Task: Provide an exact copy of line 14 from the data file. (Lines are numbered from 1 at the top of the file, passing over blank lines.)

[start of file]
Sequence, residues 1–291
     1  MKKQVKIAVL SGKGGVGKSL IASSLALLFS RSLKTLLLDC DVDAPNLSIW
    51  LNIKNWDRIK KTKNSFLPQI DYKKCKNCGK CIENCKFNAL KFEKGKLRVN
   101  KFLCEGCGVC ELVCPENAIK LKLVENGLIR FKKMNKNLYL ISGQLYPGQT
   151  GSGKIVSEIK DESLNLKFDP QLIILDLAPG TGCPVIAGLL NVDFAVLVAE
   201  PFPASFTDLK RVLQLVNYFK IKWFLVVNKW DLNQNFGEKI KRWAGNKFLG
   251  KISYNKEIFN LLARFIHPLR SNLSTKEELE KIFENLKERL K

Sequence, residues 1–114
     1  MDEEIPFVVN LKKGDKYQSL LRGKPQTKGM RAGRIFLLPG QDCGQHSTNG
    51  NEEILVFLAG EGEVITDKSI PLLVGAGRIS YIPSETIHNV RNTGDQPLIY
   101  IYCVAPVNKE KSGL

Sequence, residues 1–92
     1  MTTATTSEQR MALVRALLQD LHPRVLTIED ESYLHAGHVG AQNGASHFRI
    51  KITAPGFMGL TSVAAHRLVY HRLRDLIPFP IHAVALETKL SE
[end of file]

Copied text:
    51  KITAPGFMGL TSVAAHRLVY HRLRDLIPFP IHAVALETKL SE